in the Court of Appeals 22 February 2017.
by defendant from judgments entered 6 June 2016 by Judge
Michael R. Morgan in Randolph County Nos. 16 CRS
Attorney General Joshua H. Stein, by Assistant Attorney
General Carole Biggers, for the State.
Law PLLC, by Jason Christopher Yoder, for
Joseph Trent ("defendant") appeals from judgments
revoking his probation and activating his suspended
sentences. After careful review, we affirm the trial
court's judgments but remand for correction of clerical
March 2016 in Guilford County Superior Court, defendant
pleaded guilty to two counts of obtaining property by false
pretenses (15 CRS 80278-79) and two counts of conspiring to
obtain property by false pretenses (15 CRS 81150-51). The
trial court consolidated 15 CRS 80278 and 15 CRS 81150 into
one judgment, and 15 CRS 80279 and 15 CRS 81151 into another.
The court sentenced defendant to serve two consecutive terms
of 8 to 19 months in the custody of the North Carolina
Division of Adult Correction. The trial court suspended both
sentences, placed defendant on 36 months of supervised
probation, and ordered him to serve a 30-day active term as a
condition of special probation in 15 CRS 80278.
Defendant's probation supervision was transferred to
March 2016, defendant met with his new supervising officer
("Officer Russell") to review the conditions of his
probation. Defendant told Officer Russell that he and his
wife ("Kim") were in the process of being evicted
from their residence at 3550 Holly Ridge Drive in Trinity.
Officer Russell instructed defendant to provide an update
whenever his address changed. When defendant next met with
Officer Russell on 12 April 2016, he provided his new address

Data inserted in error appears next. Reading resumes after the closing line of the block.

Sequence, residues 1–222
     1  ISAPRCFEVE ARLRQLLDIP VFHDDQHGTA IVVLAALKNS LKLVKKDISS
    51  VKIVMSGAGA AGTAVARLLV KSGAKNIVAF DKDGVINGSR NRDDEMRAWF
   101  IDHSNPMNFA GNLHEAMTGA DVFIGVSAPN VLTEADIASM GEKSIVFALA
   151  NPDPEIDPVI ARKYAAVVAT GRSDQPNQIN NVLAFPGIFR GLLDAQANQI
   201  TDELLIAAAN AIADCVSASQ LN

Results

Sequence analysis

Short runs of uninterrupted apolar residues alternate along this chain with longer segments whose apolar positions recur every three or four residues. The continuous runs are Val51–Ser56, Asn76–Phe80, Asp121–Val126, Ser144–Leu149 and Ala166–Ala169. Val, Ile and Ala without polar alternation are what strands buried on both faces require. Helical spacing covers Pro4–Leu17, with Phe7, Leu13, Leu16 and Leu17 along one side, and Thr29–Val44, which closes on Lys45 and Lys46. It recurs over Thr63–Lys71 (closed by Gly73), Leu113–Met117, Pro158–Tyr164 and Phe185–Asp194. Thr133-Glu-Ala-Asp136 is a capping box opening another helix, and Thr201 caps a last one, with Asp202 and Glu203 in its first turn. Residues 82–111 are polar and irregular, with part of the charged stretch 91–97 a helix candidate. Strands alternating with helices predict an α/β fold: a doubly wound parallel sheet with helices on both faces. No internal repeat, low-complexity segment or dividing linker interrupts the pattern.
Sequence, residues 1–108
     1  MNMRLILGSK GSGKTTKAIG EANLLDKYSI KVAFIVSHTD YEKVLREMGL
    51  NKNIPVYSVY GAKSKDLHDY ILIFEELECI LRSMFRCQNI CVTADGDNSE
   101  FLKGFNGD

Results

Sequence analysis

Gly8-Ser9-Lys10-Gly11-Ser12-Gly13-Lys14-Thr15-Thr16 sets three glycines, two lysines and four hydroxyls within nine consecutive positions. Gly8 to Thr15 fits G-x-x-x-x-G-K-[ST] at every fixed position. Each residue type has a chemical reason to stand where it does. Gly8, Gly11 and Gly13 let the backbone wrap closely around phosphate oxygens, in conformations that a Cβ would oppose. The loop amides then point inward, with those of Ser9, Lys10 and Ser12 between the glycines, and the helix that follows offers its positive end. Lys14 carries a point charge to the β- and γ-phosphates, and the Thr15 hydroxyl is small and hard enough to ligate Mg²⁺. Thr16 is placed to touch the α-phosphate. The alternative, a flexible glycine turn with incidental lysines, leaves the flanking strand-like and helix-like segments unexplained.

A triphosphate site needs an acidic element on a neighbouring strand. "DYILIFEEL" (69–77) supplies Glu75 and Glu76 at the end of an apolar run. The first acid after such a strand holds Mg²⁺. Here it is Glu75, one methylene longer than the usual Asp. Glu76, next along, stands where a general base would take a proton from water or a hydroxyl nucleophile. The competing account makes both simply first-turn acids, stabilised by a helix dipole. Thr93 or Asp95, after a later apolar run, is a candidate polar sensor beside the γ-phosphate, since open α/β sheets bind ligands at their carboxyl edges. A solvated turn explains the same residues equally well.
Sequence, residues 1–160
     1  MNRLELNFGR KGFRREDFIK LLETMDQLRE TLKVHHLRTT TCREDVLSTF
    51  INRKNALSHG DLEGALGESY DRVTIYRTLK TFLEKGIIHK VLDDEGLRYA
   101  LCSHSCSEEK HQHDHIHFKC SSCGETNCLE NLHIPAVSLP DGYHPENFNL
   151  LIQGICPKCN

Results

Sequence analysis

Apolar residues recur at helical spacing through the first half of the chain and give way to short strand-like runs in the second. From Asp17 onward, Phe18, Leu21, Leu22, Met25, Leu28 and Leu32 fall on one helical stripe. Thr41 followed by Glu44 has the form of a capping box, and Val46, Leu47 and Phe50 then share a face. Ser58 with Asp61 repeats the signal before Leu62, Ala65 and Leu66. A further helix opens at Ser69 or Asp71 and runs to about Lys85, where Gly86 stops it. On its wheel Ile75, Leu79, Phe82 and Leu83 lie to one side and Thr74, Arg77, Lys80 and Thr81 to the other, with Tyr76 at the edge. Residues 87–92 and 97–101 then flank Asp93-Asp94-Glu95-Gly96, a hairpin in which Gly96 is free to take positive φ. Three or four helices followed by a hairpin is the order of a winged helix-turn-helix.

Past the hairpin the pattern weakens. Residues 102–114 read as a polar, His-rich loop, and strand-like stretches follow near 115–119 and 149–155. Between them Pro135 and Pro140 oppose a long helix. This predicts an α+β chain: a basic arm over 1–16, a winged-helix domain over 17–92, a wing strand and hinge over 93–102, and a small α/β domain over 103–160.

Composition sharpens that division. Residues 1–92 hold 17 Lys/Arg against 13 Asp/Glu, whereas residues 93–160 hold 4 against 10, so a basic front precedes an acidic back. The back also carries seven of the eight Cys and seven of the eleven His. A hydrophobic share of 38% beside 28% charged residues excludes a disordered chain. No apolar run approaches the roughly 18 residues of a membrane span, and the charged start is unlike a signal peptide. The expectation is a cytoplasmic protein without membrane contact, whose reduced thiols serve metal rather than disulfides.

as 150 U.S. Highway 311, Lot 9 in Randleman. At the
conclusion of the meeting, Officer Russell scheduled
defendant's next appointment for 9 May 2016.
April 2016, Officer Russell made an unannounced visit to
defendant's home in Randleman. Defendant was not home,
and Kim was "very upset." Kim told Officer Russell
that she had not seen defendant since the previous day, when
he took her car and bank card without permission and left the
residence. Kim also told Officer Russell that it was
defendant's "normal pattern . . . to go out and be
gone for days on drugs." Officer Russell informed Kim
that if defendant did not come home within a few days, she
would consider him to be absconding. When Officer Russell
revisited the residence on 5 May 2016, Kim said that
defendant still had not returned, and she did not know where
May 2016, Officer Russell filed reports in both cases
alleging that defendant had committed the following willful
violations of his probation:
1. Regular Condition of Probation: "Not to abscond, by
willfully avoiding supervision or by willfully making the
supervisee's whereabouts unknown to the supervising
probation officer" in that, THE DEFENDANT LEFT HIS
RESIDENCE AT 150 U.S. HWY 311, LOT 9, RANDLEMAN ON OR ABOUT
04/23/2016, AFTER TAKING HIS WIFE'S CAR AND BANK CARD AND
HAS FAILED TO RETURN TO THE RESIDENCE SINCE THAT TIME. HIS
WHEREABOUTS ARE UNKNOWN.